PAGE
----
In July 2018, after President Trump warned Iran’s president not to threaten the United States, a rejoinder came not from the Iranian leader but from a shadowy military figure perhaps even more powerful.
“It is beneath the dignity of our president to respond to you,” Maj. Gen. Qassim Suleimani declared in a speech in western Iran. “I, as a soldier, respond to you.”
The general was a figure of intense interest to people both in and out of Iran.
It is not just that he was in charge of Iranian intelligence gathering and covert military operations, and regarded as one of its most cunning and autonomous military figures. He was also believed to be very close to the country’s supreme leader, Ayatollah Ali Khamenei — and seen as a potential future leader of Iran.
He was considered the most effective military intelligence official in the region.
That General Suleimani was in Iraq when he was killed — at the Baghdad International Airport — was not surprising.
He was in charge of the Islamic Revolutionary Guards Corps’ Quds Force, a special forces unit responsible for Iranian operations outside Iran’s borders. He once described himself to a senior Iraqi intelligence official as the “sole authority for Iranian actions in Iraq,” the official later told American officials in Baghdad.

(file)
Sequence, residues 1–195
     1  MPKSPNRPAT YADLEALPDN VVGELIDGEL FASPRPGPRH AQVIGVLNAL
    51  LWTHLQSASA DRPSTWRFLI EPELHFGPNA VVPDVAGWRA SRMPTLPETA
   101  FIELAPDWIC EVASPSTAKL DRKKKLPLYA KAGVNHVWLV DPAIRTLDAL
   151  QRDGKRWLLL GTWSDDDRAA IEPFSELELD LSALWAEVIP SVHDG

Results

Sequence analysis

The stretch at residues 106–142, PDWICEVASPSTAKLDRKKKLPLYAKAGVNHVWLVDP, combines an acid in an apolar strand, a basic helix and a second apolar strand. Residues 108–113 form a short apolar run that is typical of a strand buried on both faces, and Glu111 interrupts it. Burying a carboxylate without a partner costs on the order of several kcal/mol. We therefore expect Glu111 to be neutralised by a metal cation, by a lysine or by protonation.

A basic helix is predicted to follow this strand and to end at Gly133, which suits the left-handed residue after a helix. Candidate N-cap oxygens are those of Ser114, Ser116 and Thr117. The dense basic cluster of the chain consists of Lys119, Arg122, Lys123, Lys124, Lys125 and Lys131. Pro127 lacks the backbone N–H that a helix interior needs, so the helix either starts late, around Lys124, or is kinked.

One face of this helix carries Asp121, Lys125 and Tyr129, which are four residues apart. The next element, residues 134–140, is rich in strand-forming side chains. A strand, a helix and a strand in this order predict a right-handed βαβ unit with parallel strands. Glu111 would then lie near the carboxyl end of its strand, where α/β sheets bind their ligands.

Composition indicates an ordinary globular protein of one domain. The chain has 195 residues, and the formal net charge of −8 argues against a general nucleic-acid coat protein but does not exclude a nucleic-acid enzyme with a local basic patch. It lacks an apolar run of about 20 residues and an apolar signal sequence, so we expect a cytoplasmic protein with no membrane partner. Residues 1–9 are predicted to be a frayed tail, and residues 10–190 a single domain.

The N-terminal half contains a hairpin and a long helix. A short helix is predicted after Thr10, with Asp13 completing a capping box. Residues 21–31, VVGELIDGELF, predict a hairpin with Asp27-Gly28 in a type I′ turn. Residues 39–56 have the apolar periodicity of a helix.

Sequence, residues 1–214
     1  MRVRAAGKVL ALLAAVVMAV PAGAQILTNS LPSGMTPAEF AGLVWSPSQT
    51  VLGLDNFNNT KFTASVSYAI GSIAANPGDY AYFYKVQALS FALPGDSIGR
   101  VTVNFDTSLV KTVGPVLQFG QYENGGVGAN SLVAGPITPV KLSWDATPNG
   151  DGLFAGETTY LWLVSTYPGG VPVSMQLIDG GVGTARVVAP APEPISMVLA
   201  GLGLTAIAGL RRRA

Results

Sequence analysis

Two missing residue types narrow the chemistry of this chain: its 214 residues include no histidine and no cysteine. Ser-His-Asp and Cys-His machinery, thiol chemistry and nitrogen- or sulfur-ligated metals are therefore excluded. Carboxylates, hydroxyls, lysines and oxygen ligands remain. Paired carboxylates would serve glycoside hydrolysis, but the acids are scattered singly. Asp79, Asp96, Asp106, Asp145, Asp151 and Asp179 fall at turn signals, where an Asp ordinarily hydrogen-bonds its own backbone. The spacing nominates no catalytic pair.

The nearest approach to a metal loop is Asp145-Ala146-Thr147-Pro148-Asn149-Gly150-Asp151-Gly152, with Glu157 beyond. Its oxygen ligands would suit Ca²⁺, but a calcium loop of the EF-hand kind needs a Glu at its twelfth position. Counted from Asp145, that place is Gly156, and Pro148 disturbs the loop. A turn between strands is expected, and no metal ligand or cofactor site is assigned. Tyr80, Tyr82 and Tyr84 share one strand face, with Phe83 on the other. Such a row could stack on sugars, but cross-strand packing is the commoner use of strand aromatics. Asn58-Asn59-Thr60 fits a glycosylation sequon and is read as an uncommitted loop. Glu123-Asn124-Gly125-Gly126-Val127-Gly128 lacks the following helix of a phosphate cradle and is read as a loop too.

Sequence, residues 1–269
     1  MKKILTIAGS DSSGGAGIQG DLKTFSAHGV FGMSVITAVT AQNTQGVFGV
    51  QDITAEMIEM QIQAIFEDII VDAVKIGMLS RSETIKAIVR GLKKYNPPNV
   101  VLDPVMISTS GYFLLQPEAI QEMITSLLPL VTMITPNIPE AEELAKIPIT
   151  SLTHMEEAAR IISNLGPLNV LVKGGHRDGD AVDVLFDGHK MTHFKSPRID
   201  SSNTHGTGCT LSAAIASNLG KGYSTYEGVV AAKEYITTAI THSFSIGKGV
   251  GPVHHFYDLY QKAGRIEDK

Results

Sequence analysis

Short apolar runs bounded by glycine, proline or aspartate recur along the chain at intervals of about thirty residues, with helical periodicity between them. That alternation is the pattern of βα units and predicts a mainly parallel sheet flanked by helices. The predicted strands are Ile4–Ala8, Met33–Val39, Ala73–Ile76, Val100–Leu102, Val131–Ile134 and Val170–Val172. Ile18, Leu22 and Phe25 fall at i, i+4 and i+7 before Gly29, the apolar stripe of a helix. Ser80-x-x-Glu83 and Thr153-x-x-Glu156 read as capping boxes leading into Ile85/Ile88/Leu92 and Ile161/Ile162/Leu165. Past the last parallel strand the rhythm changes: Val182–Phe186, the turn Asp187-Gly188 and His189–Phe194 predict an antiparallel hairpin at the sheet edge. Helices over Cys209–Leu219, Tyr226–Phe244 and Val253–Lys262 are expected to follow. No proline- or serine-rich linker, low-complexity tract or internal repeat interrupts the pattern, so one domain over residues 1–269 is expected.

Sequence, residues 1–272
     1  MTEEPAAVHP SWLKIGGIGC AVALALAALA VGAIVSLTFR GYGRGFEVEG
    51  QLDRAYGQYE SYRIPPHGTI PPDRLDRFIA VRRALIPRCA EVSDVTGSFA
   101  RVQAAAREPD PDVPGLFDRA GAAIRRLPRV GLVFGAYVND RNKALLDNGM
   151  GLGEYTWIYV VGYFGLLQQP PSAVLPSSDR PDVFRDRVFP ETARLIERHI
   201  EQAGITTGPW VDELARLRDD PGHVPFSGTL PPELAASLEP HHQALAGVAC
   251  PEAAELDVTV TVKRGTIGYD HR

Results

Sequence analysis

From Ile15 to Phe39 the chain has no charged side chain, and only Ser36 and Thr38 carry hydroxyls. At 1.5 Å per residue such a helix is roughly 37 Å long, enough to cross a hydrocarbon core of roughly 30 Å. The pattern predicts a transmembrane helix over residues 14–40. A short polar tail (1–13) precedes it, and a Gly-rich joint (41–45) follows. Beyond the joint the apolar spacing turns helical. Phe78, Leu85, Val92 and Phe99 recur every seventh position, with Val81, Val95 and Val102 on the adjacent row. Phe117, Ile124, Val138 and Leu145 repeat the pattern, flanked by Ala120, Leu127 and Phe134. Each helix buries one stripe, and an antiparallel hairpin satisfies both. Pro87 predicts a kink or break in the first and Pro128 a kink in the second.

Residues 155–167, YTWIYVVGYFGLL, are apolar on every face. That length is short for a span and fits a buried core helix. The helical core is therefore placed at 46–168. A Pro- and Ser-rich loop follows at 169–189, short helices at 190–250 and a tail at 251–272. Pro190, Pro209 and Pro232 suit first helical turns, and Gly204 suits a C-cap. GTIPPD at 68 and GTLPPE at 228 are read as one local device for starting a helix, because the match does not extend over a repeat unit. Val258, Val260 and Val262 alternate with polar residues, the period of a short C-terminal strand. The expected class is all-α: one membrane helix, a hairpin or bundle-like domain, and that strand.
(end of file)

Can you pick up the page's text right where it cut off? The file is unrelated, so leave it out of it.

In his speech denouncing President Trump, he was even less discreet — and openly mocking.
“We are near you, where you can’t even imagine,” he said. “We are ready. We are the man of this arena.”
Well before the speech, American officials had learned to see General Suleimani as a formidable adversary.
After the 2003 American-led invasion of Iraq that toppled Saddam Hussein, the United States accused General Suleimani of plotting attacks on American soldiers. And in 2011, the Treasury Department placed him on a sanctions blacklist, accusing him of complicity in what American officials called a plot to kill the Saudi ambassador to Washington.
But at times, adversary looked more like ally, however tenuous the relationship. American officials also cooperated with the Iranian general in Iraq to reverse gains made by the Islamic State — a mutual enemy.
At the height of the Iraq War, as the Quds Force under General Suleimani armed and trained Shiite militias in Iraq, former American officials have said the general was stoking violence and then mediating the conflict, so he could make himself indispensable and keep the Iraqis off balance. According to a June 2008 cable written by Ryan C. Crocker, then the American ambassador to Baghdad, General Suleimani played a role in brokering a cease-fire that enabled the battered Shiite militias in the Sadr City neighborhood of Baghdad, which Iran was supporting, to withdraw.
In 2015, General Suleimani was in the northern Iraqi city of Tikrit, commanding Iraqi Shiite militias that were trying to recapture it from ISIS fighters. American warplanes belatedly joined that campaign.
Real Estate, and Personal Injury Lawyers. Contact us at: https://westlakelegal.com